“Such ruins were never seen in America,” he wrote in his diary after returning to see his home. The mob had taken about £900 – worth about £170,000 in today’s money – in coin and cash, “and emptied the house of every thing whatsoever except a part of the kitchen furniture not leaving a single book or paper in it and have scattered or destroyed all the manuscripts and other papers I had been collecting for 30 years together besides a great number of publick papers in my custody”.
Now his friend was safely back in England, the Vicar of Croydon, East Apthorp, must have suspected that they would never get to return to the land of his birth. Loyal to the crown himself, Apthorp had also been forced to leave America himself because of his public statements of loyalty to the king.
Apthorp still received the newspapers from Boston and regular correspondence from his own brother Thomas. Things were not going well.
Elizabeth was keen to keep the conversation going on a more personal level, asking Peggy if her father had taken her to see any of the sights in London yet.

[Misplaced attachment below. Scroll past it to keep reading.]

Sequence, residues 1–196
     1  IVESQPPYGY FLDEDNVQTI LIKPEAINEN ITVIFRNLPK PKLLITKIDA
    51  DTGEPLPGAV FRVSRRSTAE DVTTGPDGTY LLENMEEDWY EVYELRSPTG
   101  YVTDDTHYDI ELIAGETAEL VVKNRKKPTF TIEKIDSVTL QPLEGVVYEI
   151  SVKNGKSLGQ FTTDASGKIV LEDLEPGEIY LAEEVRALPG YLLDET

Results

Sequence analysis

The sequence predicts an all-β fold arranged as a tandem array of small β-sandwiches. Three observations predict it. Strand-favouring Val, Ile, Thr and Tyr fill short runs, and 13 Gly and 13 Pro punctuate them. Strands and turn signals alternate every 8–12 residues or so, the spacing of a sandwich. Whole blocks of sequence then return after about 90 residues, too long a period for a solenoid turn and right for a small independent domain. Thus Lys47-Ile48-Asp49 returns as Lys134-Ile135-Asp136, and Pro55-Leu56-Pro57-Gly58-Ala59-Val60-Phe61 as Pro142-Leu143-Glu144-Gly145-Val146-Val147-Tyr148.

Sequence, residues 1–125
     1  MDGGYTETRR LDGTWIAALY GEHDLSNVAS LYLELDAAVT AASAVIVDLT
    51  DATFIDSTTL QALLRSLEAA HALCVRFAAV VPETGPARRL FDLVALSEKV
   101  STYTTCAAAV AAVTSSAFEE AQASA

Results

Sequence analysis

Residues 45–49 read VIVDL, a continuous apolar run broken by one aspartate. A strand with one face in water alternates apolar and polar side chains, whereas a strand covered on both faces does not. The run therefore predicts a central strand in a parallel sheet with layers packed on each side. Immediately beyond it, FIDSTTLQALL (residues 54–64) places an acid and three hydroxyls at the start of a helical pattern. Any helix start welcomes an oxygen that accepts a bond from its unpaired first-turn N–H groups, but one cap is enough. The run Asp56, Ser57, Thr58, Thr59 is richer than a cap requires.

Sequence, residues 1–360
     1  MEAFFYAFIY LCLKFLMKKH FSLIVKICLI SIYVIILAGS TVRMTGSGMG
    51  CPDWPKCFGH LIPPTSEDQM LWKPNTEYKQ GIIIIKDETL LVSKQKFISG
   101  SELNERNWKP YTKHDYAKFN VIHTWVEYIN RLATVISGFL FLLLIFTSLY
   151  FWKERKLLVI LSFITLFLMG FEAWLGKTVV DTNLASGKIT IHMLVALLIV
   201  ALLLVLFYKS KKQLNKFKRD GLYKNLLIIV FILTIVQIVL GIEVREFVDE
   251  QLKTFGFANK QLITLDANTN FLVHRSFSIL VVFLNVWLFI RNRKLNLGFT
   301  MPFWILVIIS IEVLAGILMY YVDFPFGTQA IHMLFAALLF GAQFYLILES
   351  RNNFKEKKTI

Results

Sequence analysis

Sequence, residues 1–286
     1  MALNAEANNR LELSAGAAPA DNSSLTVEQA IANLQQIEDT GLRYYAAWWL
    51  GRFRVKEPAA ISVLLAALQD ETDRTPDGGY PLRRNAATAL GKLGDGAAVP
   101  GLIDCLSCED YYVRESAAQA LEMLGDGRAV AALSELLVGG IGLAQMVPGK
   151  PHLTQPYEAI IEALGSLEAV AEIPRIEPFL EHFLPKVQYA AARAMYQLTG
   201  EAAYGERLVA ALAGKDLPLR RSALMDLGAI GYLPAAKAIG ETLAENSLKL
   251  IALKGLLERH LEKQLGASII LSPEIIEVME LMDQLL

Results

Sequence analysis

Peggy’s eyes lit up. “Just this week we had the most fascinating and exciting day yet, in London. Papa had an invitation to go to meet with Mr Woolridge in the Crescent, right by The Tower. Afterwards we were taken to see the curiosities there.
“We were fortunate to meet an old gentleman, Mr Rainsford, almost 80 years old, who was a Deputy Lieutenant. Papa wanted to see the cell where the Earl of Essex was held before his execution. He was the last person to be executed at the Tower, did you know?
“And then in the evening we went to the Haymarket, to Foote’s Theatre and saw his new comedy play, The Cozeners. Edwin John played the part of Flaw and did make us laugh so, didn’t he Papa?”
Thomas nodded. There hadn’t been much for him and his beloved daughter to laugh about recently.